Don Kohlenberger may not always have the honor of cutting the ceremonial ribbon, but the construction industry veteran has been a leader behind the scenes of some of the most high-profile projects to come along in recent years.
As an owner representative and consultant, Kohlenberger has quietly contributed to the success of complex projects such as the Baker Center renovation, the Latitude 45 apartment tower and Mayo Clinic Square, all in downtown Minneapolis.
He’s currently a project manager and owner rep for The Dayton’s Project, an ambitious $250 million renovation of the historic 1.3 million-square-foot building that used to house the Dayton’s and Macy’s department stores in downtown Minneapolis.
After earning a construction management degree at Minnesota State University, Mankato, Kohlenberger went on to work as a senior project manager for Adolfson & Peterson Construction and vice president of construction for Egan Cos., among other positions.
In 2009, he established Hightower Initiatives, a provider of consulting and management services for the construction industry. Kohlenberger’s services range from owner representation and constructability analysis to contract negotiation and construction oversight.
A strong advocate for the industry, Kohlenberger is a mentor to Disadvantaged Business Enterprise (DBE) construction companies in the Twin Cities, and an entrepreneurial adviser for the Metropolitan Economic Development Association. He’s also the chair emeritus of the construction program at Minnesota State University, Mankato, among other leadership roles.
In the following interview, Kohlenberger talks about his construction roots and how his consulting business evolved, among other topics. The interview has been edited for length and clarity.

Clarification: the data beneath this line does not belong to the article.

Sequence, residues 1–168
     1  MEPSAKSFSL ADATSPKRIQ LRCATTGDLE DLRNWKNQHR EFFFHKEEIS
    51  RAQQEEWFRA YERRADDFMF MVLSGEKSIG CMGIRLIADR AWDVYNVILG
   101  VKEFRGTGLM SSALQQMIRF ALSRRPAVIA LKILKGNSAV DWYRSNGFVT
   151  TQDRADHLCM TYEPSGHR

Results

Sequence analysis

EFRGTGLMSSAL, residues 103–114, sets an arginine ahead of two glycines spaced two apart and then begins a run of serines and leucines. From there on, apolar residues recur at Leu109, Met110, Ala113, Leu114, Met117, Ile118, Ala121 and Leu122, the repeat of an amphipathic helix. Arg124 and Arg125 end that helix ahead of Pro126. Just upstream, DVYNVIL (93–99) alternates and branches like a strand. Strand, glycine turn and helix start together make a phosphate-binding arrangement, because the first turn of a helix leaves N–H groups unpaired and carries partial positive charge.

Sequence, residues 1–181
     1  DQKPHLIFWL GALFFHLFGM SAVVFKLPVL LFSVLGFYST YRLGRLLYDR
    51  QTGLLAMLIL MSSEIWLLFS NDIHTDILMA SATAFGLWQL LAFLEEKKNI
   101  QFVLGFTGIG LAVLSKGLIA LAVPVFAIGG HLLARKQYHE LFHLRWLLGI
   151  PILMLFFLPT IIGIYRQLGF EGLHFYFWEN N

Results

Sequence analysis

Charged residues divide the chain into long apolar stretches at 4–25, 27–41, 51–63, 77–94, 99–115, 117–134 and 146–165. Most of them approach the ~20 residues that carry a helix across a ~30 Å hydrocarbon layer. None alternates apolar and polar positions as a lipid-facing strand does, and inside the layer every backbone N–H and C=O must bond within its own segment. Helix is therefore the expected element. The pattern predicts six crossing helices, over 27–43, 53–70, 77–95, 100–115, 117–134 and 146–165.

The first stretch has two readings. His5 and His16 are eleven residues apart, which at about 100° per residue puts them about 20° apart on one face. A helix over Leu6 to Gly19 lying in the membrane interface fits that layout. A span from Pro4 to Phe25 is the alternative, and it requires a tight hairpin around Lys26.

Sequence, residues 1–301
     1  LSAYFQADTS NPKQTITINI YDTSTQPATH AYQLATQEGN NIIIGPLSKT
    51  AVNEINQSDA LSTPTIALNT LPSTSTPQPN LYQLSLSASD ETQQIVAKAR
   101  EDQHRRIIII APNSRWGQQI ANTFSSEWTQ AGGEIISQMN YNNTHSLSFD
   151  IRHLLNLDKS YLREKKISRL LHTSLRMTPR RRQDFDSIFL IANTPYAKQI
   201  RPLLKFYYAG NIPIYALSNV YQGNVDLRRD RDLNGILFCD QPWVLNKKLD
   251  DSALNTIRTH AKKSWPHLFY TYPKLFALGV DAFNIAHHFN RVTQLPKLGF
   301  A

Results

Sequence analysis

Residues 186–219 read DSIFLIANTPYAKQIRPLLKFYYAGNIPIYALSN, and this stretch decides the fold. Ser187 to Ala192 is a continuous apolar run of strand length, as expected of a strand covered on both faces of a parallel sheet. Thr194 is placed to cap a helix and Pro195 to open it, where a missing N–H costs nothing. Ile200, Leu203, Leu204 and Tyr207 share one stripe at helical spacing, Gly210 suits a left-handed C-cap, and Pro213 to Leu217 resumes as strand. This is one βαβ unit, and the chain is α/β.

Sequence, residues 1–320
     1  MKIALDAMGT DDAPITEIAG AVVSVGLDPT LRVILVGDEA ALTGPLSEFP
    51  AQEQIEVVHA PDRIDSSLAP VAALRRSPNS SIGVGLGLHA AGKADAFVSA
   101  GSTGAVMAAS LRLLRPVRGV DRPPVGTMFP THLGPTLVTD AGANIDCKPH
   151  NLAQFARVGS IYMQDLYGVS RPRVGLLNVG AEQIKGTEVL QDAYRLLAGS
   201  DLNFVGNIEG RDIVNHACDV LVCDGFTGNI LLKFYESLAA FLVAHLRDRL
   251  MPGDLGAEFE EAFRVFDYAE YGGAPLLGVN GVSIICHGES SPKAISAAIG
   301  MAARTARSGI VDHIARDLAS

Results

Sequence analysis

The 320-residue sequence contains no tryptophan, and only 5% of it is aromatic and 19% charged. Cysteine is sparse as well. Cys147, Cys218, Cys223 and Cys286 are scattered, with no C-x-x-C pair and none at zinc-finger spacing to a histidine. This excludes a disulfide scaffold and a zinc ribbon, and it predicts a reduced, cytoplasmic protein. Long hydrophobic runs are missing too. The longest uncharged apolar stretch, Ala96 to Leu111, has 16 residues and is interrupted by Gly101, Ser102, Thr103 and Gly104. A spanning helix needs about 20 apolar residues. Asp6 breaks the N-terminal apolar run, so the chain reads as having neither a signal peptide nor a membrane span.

Q: How did you get into the construction business?
A: I was raised on the South Side of Chicago, and my father was a bricklayer and became a project superintendent. Over the years, he worked around the nation on construction sites. So my experience with construction was a lifelong love of buildings and the built environment. It was a natural progression for me to get an education in construction management and apply it on the industry.
Q: How long have you been in the industry?
A: For over 30 years. My first job in construction was cleaning brick on a project, and then I worked my way through college as a bricklayer. After college I worked on large-size development projects. My first project out of college was on the Horton Plaza Mall urban renovation project in San Diego, which is now being entirely renovated. You know you are getting advanced in age when your own projects are the subject of historical renovation.
Q: You founded Hightower Initiatives in 2009. That was a difficult time for the construction industry.
A: During that time we were going through the recession/depression. … There was 50 percent [construction] unemployment during that time. My original intent at that time was to try to help the industry, help at the state Legislature to pass beneficial bonding bills to bring about immediate work activity in this marketplace.